Annex A: case studies of innovation, delivery and performance

Prioritising care and support: Between 2010 and 2017, adult social care has had to make savings and reductions worth £6 billion as part of wider council efforts to balance the books. But the service continues to be protected relative to other services. The latest Adass budget survey shows that adult social care accounts for a growing total of councils’ overall budgets, up from 36.9 per cent in 2017/18 to 37.8 per cent in 2018/19.[1] As a result, by 2019/20, 38p of every £1 of council tax will go towards funding adult social care.

Innovating: Councils are committed to innovation to help reduce costs while maintaining or improving services to the public. This has included changing the way that demand is managed, more effectively using the capacity in communities to help find new care solutions, and working more closely with partners in the NHS to reduce pressures in the care and health system. Innovative approaches can be found in all parts of the country.

    • Kent County Council is driven, like many councils, by the daily challenge of ensuring people have what they need to enable them to leave hospital safely. Daily multi-disciplinary meetings help to identify and reduce delayed transfers of care and weekly improvement cycle meetings address the reasons for the delays.  Staff training and good performance management have helped to embed the ethos, resulting in a 59 per cent reduction of people being discharged into residential care and a 54 per cent reduction in people being discharged into short-term beds. This equates to 350 additional people going to live back at home each year. In 2017 Kent saw 911 less residential and nursing care placements compared to 2013.
    • Kirklees Metropolitan District Council’s ‘Gateway to care’, co-located with community health, is a multidisciplinary ‘front door’ which provides simple care packages for a rapid response, care navigation, assistive technology provision and safeguarding support. Care navigators, located in four community hubs, help to embed a strengths-based approach by building community capacity and supporting people to find solutions in those communities. The front door deals with the majority of contacts first time, with just 6 per cent going on to a full assessment. In 2017/18 almost half of those with eligible care needs achieved good outcomes through community support, saving the council over £1.9 million.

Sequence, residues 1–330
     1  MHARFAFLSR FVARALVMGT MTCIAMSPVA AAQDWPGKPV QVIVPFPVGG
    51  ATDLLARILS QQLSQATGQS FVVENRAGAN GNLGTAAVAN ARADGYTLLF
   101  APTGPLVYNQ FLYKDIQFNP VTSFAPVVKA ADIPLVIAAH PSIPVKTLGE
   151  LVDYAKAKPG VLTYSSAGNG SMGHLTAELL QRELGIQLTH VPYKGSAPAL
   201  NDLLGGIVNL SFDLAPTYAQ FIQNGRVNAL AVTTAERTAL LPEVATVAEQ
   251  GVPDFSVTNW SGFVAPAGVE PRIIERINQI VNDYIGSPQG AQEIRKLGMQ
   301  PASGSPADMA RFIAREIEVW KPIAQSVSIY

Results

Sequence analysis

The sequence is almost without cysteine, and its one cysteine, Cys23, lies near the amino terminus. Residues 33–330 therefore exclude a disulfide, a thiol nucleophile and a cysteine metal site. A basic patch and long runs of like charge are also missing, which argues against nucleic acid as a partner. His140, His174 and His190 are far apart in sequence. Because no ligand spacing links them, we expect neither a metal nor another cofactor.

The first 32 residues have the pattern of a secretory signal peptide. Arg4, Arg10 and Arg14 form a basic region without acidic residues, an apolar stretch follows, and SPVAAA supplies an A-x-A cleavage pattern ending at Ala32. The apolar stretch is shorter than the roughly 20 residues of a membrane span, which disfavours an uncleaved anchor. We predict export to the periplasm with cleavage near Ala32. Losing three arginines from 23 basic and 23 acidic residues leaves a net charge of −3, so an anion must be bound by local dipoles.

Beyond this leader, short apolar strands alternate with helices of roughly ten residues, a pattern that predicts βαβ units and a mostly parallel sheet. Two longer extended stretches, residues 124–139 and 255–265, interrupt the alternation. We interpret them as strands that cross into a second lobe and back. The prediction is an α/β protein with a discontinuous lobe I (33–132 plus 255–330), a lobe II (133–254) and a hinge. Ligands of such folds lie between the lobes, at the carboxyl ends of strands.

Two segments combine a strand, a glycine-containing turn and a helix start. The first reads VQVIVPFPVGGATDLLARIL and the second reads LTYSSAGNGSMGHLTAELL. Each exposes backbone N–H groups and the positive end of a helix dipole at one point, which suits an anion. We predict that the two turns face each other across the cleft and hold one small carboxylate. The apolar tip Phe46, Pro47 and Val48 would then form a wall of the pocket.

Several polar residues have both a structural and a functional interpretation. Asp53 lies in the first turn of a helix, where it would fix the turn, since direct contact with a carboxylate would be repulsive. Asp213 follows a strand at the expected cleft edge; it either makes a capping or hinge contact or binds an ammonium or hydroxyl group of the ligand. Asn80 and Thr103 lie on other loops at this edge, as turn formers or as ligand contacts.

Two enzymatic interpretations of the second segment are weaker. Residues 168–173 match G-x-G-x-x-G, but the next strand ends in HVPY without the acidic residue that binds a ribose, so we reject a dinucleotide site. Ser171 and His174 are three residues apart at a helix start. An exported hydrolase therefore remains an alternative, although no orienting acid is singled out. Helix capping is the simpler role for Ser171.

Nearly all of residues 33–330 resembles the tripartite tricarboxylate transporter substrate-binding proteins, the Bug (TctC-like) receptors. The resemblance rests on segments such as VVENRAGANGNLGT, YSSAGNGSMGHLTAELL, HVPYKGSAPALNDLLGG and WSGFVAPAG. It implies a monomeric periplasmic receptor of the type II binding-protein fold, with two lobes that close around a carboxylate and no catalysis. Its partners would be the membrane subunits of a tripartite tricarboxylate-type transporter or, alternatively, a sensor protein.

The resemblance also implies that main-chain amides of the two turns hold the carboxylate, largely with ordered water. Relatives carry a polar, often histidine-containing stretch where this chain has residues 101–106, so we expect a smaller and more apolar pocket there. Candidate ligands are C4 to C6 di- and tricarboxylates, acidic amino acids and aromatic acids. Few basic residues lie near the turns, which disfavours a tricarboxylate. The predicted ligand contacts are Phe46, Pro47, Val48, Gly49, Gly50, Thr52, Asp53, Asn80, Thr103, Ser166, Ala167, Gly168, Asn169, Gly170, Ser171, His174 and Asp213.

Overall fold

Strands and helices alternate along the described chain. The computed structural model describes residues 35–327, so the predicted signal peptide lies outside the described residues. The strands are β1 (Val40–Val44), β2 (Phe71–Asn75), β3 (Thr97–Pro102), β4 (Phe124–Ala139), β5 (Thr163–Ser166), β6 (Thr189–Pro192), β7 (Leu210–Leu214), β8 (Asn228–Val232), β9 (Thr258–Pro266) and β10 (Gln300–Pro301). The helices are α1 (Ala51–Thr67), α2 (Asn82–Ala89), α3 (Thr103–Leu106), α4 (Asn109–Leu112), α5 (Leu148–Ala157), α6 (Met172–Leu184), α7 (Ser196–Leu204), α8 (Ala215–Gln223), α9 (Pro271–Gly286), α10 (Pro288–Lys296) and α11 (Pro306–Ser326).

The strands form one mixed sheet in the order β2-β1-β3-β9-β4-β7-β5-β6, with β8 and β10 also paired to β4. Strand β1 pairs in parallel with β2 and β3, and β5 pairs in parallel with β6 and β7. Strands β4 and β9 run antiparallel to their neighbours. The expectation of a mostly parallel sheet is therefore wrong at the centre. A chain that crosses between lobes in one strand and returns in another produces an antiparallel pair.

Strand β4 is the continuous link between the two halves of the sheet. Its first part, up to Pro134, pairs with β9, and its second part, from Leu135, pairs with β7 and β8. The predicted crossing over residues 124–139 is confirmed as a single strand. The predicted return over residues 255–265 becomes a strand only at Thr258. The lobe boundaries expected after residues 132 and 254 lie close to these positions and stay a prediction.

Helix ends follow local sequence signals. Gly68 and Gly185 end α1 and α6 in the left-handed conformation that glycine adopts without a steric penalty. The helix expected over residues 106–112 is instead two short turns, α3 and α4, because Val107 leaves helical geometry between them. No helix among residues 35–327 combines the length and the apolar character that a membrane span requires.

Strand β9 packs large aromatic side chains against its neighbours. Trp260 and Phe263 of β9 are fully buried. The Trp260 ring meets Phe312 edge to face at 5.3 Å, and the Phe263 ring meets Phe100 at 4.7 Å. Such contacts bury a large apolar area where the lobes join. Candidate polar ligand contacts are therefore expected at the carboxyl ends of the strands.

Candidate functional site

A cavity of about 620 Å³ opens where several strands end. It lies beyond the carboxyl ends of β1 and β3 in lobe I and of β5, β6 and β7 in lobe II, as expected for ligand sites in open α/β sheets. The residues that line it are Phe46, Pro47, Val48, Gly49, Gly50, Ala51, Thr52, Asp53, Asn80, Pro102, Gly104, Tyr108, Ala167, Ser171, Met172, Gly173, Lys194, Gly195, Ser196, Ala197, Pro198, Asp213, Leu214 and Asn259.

• Bristol City Council is changing the conversation it has with residents when they first make contact with adult social care, focusing on finding help and support from communities rather than from formal care services. This has resulted in 75 per cent of first contacts being referred to community support, with two thirds of those making contact saying that they felt positive about how they had been treated. In the first year, this approach has saved £6 million.[2]
    • In Swindon Borough Council, a review of patient cases showed that when someone was discharged to a residential care setting, 45 per cent of the time they would have achieved a better outcome had they been supported to return home (either with domiciliary reablement, or via intermediate residential reablement). However, neither of these services had the capacity or capability to take the additional volume of patients. Swindon’s health and social care teams designed and led a change programme which has achieved a 163 per cent increase in patients receiving reablement services, daily internal coordination meetings and a reduction in social care delayed transfers of care from 450 days in May 2017 to 30 days in March 2018.  It has also resulted in an annual saving of over £1.9 million to the health and social care economy.
    • Somerset County Council has worked with the social enterprise Community Catalysts to stimulate micro-providers to develop care and support services in rural areas. This enables people to get support from community enterprises in ways, times and places that suit them and their families, rather than from formal support services. This initiative has led to the development of a flourishing social enterprise sector with 178 providers offering low cost, flexible care and support to older and disabled people and their families. In the first year, care has been offered to over 700 people, collectively delivering 3,600 hours of care a week. The council estimates that this approach has saved over £800,000 a year while offering people a far more flexible and accessible service[3].